U.S. equity markets broadly posted positive returns after another turbulent week of trading driven by a mixed bag of corporate earnings results and a strong jobs report that pushed interest rates higher. For the week, the S&P 500 gained 1.6%, while the Dow Jones rose 1.1% and the Nasdaq Composite rose 2.4%. Small cap stocks, which have been hit hard to start the year and remain well below their highs from last November, also rebounded higher this past week with the Russell 2000 up 1.7%.
Extreme market reactions to earnings results over the last few weeks have left many investors feeling whiplashed. Just last week, markets saw the largest market value gain from a stock in one day on Friday with a 14% surge from Amazon that added $191 billion to the company’s market value after posting earnings well beyond analyst forecasts; however, a day earlier markets also saw the largest market value lost from a stock in one day with Meta (formerly Facebook) losing $232 billion in market value with its 26% tumble after reporting earnings and giving guidance that fell short of expectations.
While there are many factors playing into these wild market swings, much of the volatility boils down to a reset in expectations for future corporate earnings growth and the uncertainty to the future path of rates and monetary policy. To the former point, investors are trying to get a sense of how much of last year’s strong surge in corporate profits is sustainable as pandemic stimulus fades and consumer spending habits normalize. Many of the hardest hit stocks so far this year have been beneficiaries of pandemic trends where growth was pulled forward, but markets had projected out those rates of growth indefinitely as the new normal. Inflation also clouds the outlook around future earnings given the uncertainty for how long wage and input cost pressures will remain elevated and to what extent companies will be able to pass those cost increases on to consumers.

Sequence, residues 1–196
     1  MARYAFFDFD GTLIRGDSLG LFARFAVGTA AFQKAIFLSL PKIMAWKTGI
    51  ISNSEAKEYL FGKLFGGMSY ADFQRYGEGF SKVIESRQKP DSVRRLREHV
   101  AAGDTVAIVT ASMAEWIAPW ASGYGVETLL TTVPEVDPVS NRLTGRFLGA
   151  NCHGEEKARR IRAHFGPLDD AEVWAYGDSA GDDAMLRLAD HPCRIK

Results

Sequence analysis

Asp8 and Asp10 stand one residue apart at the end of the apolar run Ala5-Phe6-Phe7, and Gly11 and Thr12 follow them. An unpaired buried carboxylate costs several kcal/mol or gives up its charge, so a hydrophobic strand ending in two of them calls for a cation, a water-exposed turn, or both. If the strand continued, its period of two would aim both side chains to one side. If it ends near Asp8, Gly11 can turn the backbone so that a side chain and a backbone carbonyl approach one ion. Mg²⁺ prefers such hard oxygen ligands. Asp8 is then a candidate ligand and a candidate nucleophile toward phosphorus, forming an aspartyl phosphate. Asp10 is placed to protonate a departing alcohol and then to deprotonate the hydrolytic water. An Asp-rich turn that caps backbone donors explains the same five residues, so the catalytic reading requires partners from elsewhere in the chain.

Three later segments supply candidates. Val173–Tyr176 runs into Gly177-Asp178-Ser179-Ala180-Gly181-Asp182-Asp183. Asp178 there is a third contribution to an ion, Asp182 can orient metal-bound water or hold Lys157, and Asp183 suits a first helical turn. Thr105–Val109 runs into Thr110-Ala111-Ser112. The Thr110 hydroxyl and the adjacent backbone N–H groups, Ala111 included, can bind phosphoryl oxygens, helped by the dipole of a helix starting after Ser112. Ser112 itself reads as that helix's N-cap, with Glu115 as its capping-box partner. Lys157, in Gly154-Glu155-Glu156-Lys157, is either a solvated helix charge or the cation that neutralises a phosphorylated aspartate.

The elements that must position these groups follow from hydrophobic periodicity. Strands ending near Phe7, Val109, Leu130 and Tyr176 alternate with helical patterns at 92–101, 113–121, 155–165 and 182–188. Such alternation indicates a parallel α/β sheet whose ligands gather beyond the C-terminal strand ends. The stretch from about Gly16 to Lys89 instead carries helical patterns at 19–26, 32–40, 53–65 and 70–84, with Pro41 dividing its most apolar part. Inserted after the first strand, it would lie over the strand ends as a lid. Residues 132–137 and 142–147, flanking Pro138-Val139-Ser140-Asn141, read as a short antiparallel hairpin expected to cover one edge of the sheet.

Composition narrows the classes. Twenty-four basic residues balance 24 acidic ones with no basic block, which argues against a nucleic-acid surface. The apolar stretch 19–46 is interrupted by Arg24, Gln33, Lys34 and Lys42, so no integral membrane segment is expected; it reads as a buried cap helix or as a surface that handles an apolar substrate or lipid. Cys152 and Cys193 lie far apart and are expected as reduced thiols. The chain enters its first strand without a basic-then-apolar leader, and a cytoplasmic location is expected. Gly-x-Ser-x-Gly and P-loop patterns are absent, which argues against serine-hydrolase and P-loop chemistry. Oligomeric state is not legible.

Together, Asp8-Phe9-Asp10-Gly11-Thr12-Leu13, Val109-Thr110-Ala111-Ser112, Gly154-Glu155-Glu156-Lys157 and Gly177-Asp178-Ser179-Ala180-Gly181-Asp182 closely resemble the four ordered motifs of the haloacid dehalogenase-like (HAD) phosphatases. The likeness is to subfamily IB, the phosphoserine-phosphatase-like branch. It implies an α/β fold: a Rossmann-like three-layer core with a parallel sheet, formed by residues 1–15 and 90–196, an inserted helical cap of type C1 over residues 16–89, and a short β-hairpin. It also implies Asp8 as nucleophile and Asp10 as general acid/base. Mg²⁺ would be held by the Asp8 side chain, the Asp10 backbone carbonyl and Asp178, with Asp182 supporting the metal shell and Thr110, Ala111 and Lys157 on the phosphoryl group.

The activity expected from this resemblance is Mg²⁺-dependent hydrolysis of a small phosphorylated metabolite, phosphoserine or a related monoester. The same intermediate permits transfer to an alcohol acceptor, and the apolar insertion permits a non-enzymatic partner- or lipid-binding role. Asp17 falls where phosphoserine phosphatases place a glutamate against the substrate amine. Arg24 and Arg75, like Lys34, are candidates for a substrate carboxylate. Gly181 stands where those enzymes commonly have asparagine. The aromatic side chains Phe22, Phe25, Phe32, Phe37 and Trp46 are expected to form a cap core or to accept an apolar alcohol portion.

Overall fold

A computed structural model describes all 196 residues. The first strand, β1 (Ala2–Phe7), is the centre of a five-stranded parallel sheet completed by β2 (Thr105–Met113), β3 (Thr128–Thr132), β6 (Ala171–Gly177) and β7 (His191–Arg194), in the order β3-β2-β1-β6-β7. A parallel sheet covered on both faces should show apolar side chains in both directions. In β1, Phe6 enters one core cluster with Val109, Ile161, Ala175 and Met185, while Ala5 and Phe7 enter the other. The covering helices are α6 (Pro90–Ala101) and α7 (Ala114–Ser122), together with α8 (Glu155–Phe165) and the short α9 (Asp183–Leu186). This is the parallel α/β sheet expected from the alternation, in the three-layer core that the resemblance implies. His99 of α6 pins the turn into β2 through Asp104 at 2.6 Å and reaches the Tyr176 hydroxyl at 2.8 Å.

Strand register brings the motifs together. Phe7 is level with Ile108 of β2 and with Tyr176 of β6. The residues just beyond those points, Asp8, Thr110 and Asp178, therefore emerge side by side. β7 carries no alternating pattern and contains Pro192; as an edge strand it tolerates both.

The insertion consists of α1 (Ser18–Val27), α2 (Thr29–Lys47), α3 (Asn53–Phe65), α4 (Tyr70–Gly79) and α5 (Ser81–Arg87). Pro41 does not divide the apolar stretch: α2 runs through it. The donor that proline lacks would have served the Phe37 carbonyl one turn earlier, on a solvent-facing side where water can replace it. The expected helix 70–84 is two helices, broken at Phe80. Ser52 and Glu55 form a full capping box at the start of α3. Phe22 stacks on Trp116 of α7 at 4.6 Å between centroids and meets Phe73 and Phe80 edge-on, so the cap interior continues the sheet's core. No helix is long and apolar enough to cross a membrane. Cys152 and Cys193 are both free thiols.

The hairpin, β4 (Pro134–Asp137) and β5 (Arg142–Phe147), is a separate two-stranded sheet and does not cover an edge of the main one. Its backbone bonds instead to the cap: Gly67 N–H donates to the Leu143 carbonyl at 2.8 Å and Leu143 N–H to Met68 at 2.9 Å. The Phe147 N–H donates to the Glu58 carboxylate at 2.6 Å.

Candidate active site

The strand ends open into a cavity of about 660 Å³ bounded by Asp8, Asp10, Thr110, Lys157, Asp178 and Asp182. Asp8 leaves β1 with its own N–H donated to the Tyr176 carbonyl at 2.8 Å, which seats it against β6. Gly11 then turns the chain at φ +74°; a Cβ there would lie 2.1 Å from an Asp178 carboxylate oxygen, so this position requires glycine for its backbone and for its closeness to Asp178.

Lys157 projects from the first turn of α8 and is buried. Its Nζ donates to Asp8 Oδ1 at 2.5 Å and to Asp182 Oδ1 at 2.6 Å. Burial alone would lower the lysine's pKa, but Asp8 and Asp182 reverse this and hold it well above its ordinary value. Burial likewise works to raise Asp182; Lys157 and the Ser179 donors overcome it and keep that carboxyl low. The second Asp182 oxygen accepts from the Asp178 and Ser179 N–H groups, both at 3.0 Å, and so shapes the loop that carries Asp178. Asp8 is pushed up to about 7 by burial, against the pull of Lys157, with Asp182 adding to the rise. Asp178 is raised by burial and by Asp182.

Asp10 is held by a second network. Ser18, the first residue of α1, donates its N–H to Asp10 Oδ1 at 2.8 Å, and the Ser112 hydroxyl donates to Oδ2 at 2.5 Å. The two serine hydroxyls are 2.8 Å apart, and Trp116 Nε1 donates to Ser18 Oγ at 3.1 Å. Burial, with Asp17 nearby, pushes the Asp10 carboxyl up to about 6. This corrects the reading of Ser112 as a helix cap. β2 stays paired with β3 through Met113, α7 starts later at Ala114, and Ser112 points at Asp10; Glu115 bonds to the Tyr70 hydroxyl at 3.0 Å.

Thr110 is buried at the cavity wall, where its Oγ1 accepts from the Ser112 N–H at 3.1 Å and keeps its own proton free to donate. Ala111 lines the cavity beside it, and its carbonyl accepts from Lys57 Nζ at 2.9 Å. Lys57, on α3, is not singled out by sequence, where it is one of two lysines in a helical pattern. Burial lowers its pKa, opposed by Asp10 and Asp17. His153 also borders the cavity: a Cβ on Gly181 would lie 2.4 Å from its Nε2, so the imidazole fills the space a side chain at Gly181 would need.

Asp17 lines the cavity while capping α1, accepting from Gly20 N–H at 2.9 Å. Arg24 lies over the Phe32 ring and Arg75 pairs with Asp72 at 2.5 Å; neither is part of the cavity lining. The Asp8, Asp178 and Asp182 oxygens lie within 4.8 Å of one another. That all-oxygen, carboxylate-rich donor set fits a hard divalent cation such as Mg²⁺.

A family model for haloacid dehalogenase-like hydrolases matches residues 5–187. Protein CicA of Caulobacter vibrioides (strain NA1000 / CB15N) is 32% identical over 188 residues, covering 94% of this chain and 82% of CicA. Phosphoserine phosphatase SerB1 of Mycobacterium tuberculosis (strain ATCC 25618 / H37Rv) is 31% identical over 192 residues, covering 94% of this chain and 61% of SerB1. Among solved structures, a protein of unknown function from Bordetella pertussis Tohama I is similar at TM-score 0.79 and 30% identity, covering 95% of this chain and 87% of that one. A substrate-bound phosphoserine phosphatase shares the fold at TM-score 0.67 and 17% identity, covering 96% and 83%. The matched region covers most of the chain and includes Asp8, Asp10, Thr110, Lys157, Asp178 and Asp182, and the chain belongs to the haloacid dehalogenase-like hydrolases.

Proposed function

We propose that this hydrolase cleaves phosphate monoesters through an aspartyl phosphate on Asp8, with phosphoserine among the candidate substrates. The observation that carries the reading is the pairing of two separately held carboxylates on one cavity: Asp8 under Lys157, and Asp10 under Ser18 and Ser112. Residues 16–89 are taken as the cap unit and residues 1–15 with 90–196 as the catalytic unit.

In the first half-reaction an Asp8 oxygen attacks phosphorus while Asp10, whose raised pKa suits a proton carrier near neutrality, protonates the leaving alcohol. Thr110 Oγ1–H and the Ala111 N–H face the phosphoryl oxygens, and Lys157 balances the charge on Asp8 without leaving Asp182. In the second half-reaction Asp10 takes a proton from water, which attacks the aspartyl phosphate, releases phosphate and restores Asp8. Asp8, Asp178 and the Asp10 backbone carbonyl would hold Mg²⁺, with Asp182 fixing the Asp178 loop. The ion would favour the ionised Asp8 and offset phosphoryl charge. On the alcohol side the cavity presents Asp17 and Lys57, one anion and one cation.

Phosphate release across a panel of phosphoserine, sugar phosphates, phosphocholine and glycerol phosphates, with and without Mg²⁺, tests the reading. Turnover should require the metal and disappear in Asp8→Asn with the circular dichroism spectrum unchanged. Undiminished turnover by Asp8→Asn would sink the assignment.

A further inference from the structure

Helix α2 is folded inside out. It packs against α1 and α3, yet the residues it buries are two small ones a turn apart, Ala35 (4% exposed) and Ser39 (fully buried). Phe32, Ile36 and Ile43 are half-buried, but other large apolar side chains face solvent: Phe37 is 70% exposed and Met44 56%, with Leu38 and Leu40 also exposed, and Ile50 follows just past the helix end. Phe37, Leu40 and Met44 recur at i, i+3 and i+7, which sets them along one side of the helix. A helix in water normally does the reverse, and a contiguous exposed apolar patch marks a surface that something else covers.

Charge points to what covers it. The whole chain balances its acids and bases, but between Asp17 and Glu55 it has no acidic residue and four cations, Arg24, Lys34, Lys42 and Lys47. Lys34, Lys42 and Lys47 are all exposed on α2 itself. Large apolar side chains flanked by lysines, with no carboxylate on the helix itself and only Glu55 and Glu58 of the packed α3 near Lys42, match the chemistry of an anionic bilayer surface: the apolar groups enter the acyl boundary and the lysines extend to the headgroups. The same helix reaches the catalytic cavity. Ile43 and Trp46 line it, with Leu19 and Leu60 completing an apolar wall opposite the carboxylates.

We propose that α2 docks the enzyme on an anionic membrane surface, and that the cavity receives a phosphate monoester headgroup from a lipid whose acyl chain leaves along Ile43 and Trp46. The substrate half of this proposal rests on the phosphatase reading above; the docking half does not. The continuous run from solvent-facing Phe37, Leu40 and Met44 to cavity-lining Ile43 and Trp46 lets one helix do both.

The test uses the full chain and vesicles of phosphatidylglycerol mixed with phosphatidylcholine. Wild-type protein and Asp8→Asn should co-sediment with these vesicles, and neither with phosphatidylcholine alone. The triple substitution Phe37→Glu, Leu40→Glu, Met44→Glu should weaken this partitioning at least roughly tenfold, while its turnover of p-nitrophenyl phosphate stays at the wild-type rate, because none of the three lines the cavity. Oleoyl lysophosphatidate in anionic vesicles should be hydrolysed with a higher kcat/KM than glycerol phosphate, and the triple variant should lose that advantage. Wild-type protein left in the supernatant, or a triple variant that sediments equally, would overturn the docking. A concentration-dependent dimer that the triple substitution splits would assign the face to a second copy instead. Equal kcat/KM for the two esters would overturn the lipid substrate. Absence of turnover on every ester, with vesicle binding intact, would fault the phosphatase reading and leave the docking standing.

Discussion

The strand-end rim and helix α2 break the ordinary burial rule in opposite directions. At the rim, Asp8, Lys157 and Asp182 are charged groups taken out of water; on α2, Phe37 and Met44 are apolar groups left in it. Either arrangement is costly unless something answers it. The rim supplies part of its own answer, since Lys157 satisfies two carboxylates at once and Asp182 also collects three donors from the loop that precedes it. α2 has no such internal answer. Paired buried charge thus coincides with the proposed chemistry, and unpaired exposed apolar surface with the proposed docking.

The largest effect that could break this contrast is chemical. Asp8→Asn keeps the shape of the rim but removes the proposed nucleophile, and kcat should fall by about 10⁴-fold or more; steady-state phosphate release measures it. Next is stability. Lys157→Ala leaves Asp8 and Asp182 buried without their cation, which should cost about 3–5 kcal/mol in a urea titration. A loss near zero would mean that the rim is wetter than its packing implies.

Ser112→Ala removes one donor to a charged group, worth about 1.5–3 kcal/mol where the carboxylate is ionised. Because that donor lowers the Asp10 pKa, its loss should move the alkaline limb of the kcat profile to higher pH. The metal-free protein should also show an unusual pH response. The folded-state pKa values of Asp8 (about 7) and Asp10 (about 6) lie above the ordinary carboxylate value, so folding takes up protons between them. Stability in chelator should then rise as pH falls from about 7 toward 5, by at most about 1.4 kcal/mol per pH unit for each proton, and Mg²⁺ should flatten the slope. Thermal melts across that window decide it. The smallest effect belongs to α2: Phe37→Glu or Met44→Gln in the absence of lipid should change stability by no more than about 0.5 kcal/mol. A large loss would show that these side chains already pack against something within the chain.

At the same time, investors are grappling with the rate at which those future corporate profits should be discounted back to today in determining present values. The Federal Reserve and other central banks around the world have shifted swiftly towards raising interest rates and reining in liquidity, but the extent to which they can and will raise rates remains an open question. Last week’s robust U.S. jobs report actually pushed long-term rates passed their pre-crisis levels as it showed economic strength that may give the Fed more room to raise rates without choking off growth. In the face of peak omicron cases, the U.S. economy added 467k payrolls in January, compared to expectations for around 150k new jobs, and the prior two months of job gains were revised upward by over 700k.
As long as markets are homing in on the natural pace of earnings growth, inflation, and interest rates, volatility will likely remain elevated. However, the fundamental economic picture remains supportive and resilient as shown by the strong labor market and robust earnings in aggregate. In fact, with just over half of the fourth quarter corporate earnings season in the books, the S&P 500 is on track for a 29% growth rate in earnings over the prior year, compared to expectations for 21% earnings growth at year end.
In the week ahead, corporate earnings and inflation will remain front and center on the minds of investors. There are 83 S&P 500 companies on the docket to report earnings throughout the week. On Thursday, the January CPI release is expected to show another step higher in the rate of consumer price growth with the year-over-year rate increasing to 7.3% from 7.0% in December. The inflation readings over the next few months will be a key determinant in the Fed’s announcement of rate hike expectations at the next meeting in March.